Mayor Richard M. Daley said today the City has donated three Fire Department ambulances stocked with critical supplies to the Haitian relief efforts.
The ambulances, driven by volunteers, are leaving Chicago today for Miami, from where they will be shipped to Haiti.
“I know I speak for all Chicagoans when I say that our thoughts and prayers are with the families and loved ones of those who have lost their lives in the Haiti disaster, and with everyone else in that nation which is experiencing such incredible hardship right now,” Daley said in a news conference held at the Chicago Fire Department Quinn Fire Academy, 558 W. DeKoven St.
“The City has been working with Chicago’s Haitian community to find the best ways we can assist the victims of the earthquake,” he said.
The Mayor said that although the loss of life is heartbreaking, the focus for all of us must now turn toward those who survived and toward helping them meet the basic needs of food, shelter and proper medical attention.
Two of the ambulances will be used at the St. Croix Hospital and the third will be used by volunteer fire fighters to transport patients to other local medical centers.
The ambulances are stocked with cots, blankets, masks, bandages, gloves, food, and other critical supplies.
The City will pay for the gasoline needed to drive the ambulances to Florida, and NAPA Genuine Parts Company is helping to pay for the drivers’ food, lodging and return trip.
In addition, some of the supplies being sent have been donated by Every Bloomin Industry, Progressive Industries and the City of Romeoville.
The volunteer drivers are: retired Chicago Fire Department Captain Willis Christian, Mustafa Azeem, whose parents’ retirement home in Haiti has been destroyed, his cousin Jimmy Pierre and Michael Finney, the nephew of Willis Christian.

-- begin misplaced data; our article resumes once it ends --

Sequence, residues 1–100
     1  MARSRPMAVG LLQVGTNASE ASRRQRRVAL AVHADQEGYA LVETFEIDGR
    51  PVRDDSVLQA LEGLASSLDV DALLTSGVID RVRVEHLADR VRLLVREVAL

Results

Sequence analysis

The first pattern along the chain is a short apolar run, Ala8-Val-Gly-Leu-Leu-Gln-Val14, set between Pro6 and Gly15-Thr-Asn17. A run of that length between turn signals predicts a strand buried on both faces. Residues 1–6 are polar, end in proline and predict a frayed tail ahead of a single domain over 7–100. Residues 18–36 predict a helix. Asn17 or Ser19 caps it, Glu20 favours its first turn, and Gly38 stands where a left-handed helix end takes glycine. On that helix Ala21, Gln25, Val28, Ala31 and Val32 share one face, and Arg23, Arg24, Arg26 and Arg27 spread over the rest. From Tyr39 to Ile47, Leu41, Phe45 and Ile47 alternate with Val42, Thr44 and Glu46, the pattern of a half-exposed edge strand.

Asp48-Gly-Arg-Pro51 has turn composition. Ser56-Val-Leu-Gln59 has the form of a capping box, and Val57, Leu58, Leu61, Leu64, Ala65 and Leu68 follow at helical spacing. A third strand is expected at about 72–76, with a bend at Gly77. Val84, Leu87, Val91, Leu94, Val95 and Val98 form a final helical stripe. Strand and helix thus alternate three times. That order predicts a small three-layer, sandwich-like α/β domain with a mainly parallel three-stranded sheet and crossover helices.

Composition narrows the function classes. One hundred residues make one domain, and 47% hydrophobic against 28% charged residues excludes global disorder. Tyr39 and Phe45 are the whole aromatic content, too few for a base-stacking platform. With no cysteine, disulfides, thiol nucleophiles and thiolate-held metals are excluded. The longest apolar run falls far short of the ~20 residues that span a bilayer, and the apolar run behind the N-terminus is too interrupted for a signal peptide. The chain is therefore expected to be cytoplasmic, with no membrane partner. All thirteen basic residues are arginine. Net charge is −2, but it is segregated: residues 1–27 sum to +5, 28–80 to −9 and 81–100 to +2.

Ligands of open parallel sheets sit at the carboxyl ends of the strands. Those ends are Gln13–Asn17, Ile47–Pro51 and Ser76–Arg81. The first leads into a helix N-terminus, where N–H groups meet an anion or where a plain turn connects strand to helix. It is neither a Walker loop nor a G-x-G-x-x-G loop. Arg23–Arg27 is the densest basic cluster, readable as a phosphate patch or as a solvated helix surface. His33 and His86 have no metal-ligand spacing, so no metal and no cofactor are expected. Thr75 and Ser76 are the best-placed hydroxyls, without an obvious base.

Daley thanked Miami Mayor Tomas Regalado, whose office is helping ensure the timely and efficient delivery of the ambulances to Haiti, the International Fire Training Force for its help in coordinating the volunteer firefighters and Illinois Secretary of State Jesse White, whose office expedited the titles and transporting permits for the ambulances.
Through the Human Relations Commission, the City is working with City Colleges, Haitian community organizations, faith-based groups and elected officials to organize informational workshops on how Haitians can receive Temporary Protection Status from the Department of Homeland Security. Dates will be announced soon.
The City Department of Family and Support Services, working with the Red Cross, the Chicago Christian Industrial League and United Airlines, has coordinated efforts that have brought 240 refugees from Haiti to Chicago.
The City continues to work with the Red Cross as the central point for donations, to provide grief counselors through community organizations all across the city and to conduct a city-wide blood drive at various community sites, as well as City Hall.
Chicago’s Sister Cities program is working with the “Share Your Soles” program to send 10,000 pairs of shoes to victims of the earthquake.
“When we are confronted with a natural disaster as overwhelming as the one in Haiti it reminds us that something like this can happen anywhere in the world, any time,” Daley said.
“Every day I see the generous spirit of Chicagoans. I want to ask every resident of our City to help lessen the suffering in Haiti. I know these are tough times here, but there is something -- no matter how small it may be -- that each of us can do to assist the recovery of this nation.
“Please get involved in helping those who need help,” he said.